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Homework Help: Taylor expansion of the relativistic Doppler effect?

  1. Aug 24, 2016 #1
    [Note from mentor: this thread was originally posted in a non-homework forum, therefore it does not use the homework template.]

    I have been given an equation for the relativistic doppler effect but I'm struggling to see this as a function and then give a first order Taylor expansion. Any help at all would be appreciated as I'm completely stuck.

    fo/fs = √(1 + vrel/c) / √(1-vrel/c)

    Where vrel is the relative speed of the source and the observer with respect to each other, c the speed of light, and vrel > 0 is here presumed to mean that the source and
    the observer move towards each other. Consider the relativistic Doppler effect in the case of (vrel/c) ≪ 1, but (vrel/c) > 0. Write a first-order Taylor expansion for the relativistic Doppler effect, and show that the result is equivalent to either of the two expressions found for sound.

    The expressions for sound are:

    i) The source moves with speed vs towards stationary observer

    fo/fs = 1 / (1-(vs/v))

    ii) The observer moves with speed vo towards the stationary source

    fo/fs = 1 + (vo/v)
    Last edited by a moderator: Aug 24, 2016
  2. jcsd
  3. Aug 24, 2016 #2


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    This should probably be in the Homework section, right? But just to put this into a more obvious form, let [itex]x = v_{rel}/c[/itex]. Then you want to expand the function

    [itex]F(x) = \frac{\sqrt{1+x}}{\sqrt{1-x}}[/itex]

    in powers of [itex]x[/itex]. Do you know how to do that?
  4. Aug 24, 2016 #3
    Sorry this is my first question. Because it's university work I thought it would go here.

    I started by doing that but I got confused with not having what would be a in a normal Taylor expansion question.
  5. Aug 24, 2016 #4


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    I'm not sure what you mean by a "normal Taylor expansion question". The [itex]F(x)[/itex] that I gave is an ordinary function with an ordinary Taylor expansion.
  6. Aug 24, 2016 #5
    Okay I think my Taylor expansion needs some work. But getting confirmation that it's in this form helps. Thanks
  7. Aug 25, 2016 #6
    I still have a problem with this. In a Taylor expansion I have a value to expand about. I am not given a value for this. And the question does not ask for a Maclaurin series.
  8. Aug 25, 2016 #7


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    You're expanding [itex]F(x) = \frac{\sqrt{1+x}}{\sqrt{1-x}}[/itex] about [itex]x=0[/itex]. Do you know how to do that?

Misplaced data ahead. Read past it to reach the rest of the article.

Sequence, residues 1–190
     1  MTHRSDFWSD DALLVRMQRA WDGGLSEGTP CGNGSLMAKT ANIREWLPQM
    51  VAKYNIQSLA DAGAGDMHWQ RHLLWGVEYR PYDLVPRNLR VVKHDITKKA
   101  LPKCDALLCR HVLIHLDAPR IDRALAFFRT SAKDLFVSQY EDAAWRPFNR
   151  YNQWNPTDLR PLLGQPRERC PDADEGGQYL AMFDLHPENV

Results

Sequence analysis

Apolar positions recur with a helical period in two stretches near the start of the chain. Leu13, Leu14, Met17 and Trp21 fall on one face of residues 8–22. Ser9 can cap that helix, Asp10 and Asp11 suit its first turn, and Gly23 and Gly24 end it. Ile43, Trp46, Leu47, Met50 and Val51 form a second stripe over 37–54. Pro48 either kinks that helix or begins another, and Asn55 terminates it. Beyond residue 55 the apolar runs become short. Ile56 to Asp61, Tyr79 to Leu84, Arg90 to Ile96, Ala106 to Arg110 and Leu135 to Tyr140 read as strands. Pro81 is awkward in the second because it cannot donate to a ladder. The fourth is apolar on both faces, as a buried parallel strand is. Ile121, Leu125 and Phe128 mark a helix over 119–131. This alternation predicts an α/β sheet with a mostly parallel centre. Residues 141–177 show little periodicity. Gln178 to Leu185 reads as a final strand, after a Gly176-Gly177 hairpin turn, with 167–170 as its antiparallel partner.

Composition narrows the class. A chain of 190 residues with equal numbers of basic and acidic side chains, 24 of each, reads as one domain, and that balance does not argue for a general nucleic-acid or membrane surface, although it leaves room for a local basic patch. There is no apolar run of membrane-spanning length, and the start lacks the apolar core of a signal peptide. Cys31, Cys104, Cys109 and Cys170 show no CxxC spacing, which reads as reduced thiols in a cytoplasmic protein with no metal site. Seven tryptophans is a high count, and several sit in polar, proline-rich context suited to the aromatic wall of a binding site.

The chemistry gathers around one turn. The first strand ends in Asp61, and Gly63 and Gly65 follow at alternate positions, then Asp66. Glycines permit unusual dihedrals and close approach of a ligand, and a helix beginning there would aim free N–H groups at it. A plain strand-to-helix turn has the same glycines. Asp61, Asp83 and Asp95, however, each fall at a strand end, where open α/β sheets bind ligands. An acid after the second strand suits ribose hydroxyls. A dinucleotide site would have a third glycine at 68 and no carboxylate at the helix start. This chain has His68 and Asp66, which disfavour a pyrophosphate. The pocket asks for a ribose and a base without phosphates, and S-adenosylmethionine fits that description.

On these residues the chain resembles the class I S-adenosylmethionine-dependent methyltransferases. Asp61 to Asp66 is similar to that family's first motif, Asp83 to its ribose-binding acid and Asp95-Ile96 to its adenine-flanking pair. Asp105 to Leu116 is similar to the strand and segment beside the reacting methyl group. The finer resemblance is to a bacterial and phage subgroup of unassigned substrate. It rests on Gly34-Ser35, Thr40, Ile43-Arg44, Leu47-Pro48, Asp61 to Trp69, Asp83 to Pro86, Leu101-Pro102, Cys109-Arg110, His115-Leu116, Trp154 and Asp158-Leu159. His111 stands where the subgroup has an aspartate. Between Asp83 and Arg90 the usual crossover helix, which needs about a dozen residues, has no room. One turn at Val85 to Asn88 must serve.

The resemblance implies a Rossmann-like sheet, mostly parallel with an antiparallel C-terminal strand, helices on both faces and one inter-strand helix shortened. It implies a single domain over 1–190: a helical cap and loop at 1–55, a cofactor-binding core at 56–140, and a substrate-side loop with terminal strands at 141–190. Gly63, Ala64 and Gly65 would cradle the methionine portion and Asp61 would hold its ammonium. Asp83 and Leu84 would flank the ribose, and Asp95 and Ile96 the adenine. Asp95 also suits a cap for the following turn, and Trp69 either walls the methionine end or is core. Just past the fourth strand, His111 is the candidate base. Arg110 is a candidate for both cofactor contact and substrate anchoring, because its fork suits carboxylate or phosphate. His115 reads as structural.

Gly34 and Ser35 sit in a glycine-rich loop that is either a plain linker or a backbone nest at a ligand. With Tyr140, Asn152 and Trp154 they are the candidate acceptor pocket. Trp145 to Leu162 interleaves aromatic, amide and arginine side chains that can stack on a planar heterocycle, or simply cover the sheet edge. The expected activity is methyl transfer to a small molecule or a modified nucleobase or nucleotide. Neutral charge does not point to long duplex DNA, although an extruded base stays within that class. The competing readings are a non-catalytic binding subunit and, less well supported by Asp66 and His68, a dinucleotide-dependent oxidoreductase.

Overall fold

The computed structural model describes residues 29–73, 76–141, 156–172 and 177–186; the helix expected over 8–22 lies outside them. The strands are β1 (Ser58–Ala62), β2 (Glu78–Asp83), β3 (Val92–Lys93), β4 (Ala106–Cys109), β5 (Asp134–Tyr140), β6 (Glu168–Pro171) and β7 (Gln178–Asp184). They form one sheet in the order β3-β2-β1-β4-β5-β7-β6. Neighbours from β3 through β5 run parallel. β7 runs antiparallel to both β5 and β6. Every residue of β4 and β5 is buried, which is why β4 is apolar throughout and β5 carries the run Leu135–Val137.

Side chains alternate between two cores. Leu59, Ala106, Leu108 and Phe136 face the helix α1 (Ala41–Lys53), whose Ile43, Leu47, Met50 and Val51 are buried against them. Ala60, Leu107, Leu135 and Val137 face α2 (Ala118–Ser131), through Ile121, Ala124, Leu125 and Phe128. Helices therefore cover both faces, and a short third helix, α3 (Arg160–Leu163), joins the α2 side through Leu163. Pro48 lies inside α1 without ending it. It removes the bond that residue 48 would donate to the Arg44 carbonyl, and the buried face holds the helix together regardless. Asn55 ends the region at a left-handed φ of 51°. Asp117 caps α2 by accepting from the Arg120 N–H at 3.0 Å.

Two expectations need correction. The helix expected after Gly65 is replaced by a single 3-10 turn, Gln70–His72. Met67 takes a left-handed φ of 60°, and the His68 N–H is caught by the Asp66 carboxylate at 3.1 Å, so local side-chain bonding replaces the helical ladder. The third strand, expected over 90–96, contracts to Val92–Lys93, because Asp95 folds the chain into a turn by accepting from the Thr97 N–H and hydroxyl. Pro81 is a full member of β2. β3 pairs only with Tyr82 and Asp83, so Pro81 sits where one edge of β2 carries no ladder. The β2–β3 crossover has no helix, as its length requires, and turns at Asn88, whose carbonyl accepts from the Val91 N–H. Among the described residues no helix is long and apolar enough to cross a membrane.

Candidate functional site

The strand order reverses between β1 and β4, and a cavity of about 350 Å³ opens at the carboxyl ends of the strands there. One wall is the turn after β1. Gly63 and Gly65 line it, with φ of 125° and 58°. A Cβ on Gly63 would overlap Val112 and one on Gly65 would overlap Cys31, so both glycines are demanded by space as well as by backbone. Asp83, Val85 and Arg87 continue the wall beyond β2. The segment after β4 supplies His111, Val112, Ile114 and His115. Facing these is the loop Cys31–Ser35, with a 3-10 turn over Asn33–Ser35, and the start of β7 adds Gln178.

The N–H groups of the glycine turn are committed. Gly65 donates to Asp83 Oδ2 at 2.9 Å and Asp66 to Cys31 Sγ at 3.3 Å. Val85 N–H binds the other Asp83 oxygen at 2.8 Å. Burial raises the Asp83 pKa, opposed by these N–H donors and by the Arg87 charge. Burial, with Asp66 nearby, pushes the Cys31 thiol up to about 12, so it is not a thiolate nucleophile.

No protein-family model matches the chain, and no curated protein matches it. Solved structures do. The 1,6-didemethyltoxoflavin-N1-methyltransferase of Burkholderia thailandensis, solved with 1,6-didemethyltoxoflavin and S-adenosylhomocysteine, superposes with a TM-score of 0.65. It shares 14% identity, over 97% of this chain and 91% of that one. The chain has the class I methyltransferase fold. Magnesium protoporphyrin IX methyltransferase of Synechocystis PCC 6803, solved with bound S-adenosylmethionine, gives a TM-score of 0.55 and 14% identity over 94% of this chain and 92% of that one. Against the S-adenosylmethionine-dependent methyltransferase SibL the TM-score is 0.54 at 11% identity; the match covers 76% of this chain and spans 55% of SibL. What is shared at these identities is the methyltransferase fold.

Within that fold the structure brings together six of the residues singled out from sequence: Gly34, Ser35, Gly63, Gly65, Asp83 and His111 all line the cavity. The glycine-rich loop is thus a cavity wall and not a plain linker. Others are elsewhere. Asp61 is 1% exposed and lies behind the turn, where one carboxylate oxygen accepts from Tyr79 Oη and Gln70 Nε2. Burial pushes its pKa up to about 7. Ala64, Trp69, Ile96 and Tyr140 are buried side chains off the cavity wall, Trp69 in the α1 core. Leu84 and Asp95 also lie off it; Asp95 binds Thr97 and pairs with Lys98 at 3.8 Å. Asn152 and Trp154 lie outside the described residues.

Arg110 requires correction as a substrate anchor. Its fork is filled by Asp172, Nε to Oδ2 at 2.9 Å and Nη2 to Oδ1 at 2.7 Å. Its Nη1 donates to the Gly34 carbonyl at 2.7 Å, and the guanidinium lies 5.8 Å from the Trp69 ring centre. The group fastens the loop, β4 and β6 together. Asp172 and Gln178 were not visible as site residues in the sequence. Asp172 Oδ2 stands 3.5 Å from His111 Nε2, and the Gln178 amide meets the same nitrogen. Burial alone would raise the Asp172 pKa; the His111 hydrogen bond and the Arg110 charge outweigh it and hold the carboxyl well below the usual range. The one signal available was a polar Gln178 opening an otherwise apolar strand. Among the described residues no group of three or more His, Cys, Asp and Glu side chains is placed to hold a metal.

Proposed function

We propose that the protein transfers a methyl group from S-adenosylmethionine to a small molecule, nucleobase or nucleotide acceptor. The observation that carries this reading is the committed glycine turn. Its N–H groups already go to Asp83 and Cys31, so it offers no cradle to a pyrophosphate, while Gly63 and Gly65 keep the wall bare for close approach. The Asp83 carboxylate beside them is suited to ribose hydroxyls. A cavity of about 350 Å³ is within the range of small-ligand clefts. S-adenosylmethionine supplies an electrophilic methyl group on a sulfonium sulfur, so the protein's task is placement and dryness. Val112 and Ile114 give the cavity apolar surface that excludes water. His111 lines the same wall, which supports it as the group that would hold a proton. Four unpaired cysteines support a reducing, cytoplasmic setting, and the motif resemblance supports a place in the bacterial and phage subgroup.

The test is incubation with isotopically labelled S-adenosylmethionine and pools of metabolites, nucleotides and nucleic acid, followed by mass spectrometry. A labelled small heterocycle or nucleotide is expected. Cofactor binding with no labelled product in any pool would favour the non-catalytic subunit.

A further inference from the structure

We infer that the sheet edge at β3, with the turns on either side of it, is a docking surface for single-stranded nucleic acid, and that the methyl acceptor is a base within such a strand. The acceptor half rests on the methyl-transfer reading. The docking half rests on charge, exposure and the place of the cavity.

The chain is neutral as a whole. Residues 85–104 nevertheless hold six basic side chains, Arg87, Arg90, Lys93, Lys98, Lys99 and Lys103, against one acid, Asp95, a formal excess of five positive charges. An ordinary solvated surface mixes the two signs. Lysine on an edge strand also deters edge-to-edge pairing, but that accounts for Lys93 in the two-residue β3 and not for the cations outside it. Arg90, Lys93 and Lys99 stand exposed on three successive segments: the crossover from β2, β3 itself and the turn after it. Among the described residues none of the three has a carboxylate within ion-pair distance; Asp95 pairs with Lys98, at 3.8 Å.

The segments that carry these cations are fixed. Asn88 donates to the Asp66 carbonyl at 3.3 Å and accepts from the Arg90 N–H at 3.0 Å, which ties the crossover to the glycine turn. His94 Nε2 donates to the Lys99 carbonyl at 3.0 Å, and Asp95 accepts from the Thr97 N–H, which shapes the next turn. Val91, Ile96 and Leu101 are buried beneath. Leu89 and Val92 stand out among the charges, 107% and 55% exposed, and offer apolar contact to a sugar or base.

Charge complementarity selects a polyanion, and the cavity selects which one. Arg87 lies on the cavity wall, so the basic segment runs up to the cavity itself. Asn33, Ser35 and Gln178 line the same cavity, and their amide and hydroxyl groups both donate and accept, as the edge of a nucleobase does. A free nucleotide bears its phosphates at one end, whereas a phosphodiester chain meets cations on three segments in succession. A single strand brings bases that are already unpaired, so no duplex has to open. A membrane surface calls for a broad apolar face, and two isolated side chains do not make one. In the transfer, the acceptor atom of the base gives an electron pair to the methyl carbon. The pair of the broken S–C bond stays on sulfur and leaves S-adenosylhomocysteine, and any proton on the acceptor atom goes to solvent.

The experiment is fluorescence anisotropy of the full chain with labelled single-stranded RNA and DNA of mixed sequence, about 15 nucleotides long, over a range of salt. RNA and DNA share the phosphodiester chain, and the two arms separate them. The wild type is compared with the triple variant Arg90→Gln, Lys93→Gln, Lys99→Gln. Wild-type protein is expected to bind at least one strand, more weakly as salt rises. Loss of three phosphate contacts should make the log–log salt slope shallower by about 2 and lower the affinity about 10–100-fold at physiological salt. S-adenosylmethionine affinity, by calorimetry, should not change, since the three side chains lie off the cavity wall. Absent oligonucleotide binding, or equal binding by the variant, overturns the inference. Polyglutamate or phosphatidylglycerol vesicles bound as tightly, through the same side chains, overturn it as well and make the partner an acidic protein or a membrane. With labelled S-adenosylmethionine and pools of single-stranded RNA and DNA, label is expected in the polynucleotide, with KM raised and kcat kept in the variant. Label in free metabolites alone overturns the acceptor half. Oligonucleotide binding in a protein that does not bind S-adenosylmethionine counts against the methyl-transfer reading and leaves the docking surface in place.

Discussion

9. Aug 25, 2016 #8
    Is this a Maclaurin series?

    I'm not sure because I don't know if I should use binomial expansion or differentiate withTaylor.
  10. Aug 25, 2016 #9


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    Well, they amount to the same thing. You can use the binomial expansion for a fractional exponent:

    [itex](1+x)^\alpha = 1 + \alpha x + \frac{\alpha (\alpha -1)}{1 \cdot 2} x^2 + \frac{\alpha (\alpha -1)(\alpha - 2)}{1 \cdot 2\cdot 3} x^3 + ...[/itex]

    If [itex]\alpha[/itex] is fractional, then the series never terminates, but that doesn't matter.

    But that's the same series you would get if you took derivatives:

    Letting [itex]G(x) = (1+x)^\alpha[/itex],

    [itex]G'(x) = \alpha (1+x)^{\alpha - 1}[/itex]
    [itex]G''(x) = \alpha (\alpha - 1) (1+x)^{\alpha - 2}[/itex]
    [itex]G'''(x) = \alpha(\alpha - 1)(\alpha - 2) (1+x)^{\alpha - 3}[/itex]

    So you can write: [itex]G(x) = G(0) + x G'(0) + \frac{x^2}{1 \cdot 2} G''(0) + \frac{x^3}{1 \cdot 2 \cdot 3} G'''(0) + ...[/itex]

    You get the same series.

    For this problem, if you're going to use binomial expansions, you have to compute the case [itex]\alpha = +\frac{1}{2}[/itex] for [itex]\sqrt{1+x}[/itex] and compute the case [itex]\alpha = -\frac{1}{2}[/itex] for [itex]\sqrt{1-x}[/itex] (using [itex]-x[/itex]) and then you have to multiply the two series, and group the terms by powers of [itex]x[/itex].
  11. Aug 25, 2016 #10
    Thank you, this is clear now and has helped a lot
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